Of course, going too simplistic is the opposite of what you want to do to stand out. As a new startup company, you have to go into it trying to design something that is both familiar and unique. Take for instance the classic globe shape logos that we all see.

Usually, the logos are related to some type of international trade, commerce, or things of that nature. You should think about taking this simple Globe design and make it your own. This can be a change in color, a subtle change in shape, or something added to the globe to make it stand out.

Take a look at some creative education logos for inspiration. Everything revolving around education seems typical and boring. Good logo design can transform a book into a magical tome.

Look outside the box, become the box, do origami with the box.

Fonts

Fonts and typography are key elements and principles of logo design.

Over the years sans-serif fonts have been a staple among logos. However, as technology and design progress, there have been so many more font choices created that can help your branding and logo stand out from the rest of the pack.

Just check out some companies that have switched from a boring standard serif font to a more modern, updated font. Google is a good example of having such a simple logo, yet still being able to transform it into a more modern appearance just from its typography and font choices alone.

Ideally, you should try to go for a custom designed font. This kind of work can be expensive, but it’s an investment for the future. A custom font will stand out and uniquely tied to your brand identity.

Color

This is another often overlooked and underappreciated part of logo design principles. Color is important for many reasons: visibility, conveying emotion, and psychological interpretation. Generally speaking though, you don’t want to have too many colors in your logo.

There are definitely some bad color combinations you should avoid, as well. Most of all, keep in mind that having a signature color can boost brand recognition by 80 percent, according to marketers. So, brainstorm which colors best represent your brand and incorporate them strategically into your logo.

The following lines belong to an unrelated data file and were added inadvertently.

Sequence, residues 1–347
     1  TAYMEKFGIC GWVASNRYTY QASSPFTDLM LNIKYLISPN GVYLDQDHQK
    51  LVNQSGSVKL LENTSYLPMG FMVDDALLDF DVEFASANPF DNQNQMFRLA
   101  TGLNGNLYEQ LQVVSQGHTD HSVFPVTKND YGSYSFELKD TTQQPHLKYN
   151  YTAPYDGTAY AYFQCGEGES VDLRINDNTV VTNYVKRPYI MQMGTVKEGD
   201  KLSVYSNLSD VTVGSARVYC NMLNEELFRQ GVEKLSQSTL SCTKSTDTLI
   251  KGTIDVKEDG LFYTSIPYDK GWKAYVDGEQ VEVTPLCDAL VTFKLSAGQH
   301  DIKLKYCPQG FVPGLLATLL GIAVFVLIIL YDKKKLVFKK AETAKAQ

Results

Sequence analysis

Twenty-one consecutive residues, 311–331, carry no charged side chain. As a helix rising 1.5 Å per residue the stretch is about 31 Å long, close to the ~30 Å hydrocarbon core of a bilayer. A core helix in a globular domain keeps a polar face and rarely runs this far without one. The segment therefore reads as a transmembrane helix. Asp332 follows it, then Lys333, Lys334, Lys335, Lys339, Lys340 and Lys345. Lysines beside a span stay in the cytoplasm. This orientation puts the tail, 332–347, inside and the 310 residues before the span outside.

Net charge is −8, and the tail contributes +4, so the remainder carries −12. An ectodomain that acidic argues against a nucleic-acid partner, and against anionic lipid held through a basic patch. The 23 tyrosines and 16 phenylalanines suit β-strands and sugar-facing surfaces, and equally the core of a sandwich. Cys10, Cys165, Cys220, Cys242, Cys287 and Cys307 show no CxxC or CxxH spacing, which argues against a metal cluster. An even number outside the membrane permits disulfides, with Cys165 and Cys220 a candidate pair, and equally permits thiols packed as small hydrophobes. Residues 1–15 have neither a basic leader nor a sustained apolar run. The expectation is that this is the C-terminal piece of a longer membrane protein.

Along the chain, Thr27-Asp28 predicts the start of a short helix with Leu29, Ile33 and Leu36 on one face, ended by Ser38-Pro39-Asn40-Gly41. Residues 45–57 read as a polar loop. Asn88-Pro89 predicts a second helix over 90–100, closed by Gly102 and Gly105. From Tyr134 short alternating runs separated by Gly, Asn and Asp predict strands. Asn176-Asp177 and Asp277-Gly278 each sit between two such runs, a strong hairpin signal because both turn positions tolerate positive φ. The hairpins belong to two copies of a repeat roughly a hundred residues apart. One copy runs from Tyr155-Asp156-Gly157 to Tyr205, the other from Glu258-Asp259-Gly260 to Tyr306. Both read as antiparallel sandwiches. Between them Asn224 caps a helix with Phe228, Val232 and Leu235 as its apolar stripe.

Multifaceted and Multi-Purpose Use

Think about how your logo will translate on a different medium. Consider, for instance, how it will appear on t-shirts, hats, socks, and etcetera. The smallest of the platforms that your logo will appear on will likely be a smartphone icon or next to your website URL.

It’s ideal to have a logo design that offers opportunities to stand out in different textures. For example, being able to carve it into stone or glass using negative space.

Compare and Contrast

Once you kind of narrow down your choices on logo design elements, don’t forget to take a look at your competition. This isn’t to say that you should copy your competition rather you should be looking at what they’re doing right or what they’re doing wrong. Maybe your Market sector is filled with boring, bland, or uninspired work.

Ask yourself how you can stand out without alienating your target demographic? Newcomers often make the mistake of going too hard too fast into a new market.

Utilizing the Elements and Principles of Logo Design

Designing a logo sounds like hard work, and it is. If you want it to turn out unique in sound and design you should follow these elements and principles of logo design. The world’s best logos didn’t happen on a whim or through an amateur artist. These logos were designed, refined, and researched.

Of course, a logo isn’t everything when it comes to marketing and branding. The logo is the precursor to making that perfect first impression on the customer.

If you’re ready to start designing or redesigning your logo right now, you can check out our logo maker. It has thousands of design templates and plenty of tools to help get you create a professional logo for your business. Get started.


One Response to “Logo Design 101: Understanding the Elements and Principles”

  1. Ridley Fitzgerald

    It’s great to learn more about logos. I’ve always thought that these were vital to a business. It makes sense that they need to be familiar and unique to the company, like you said.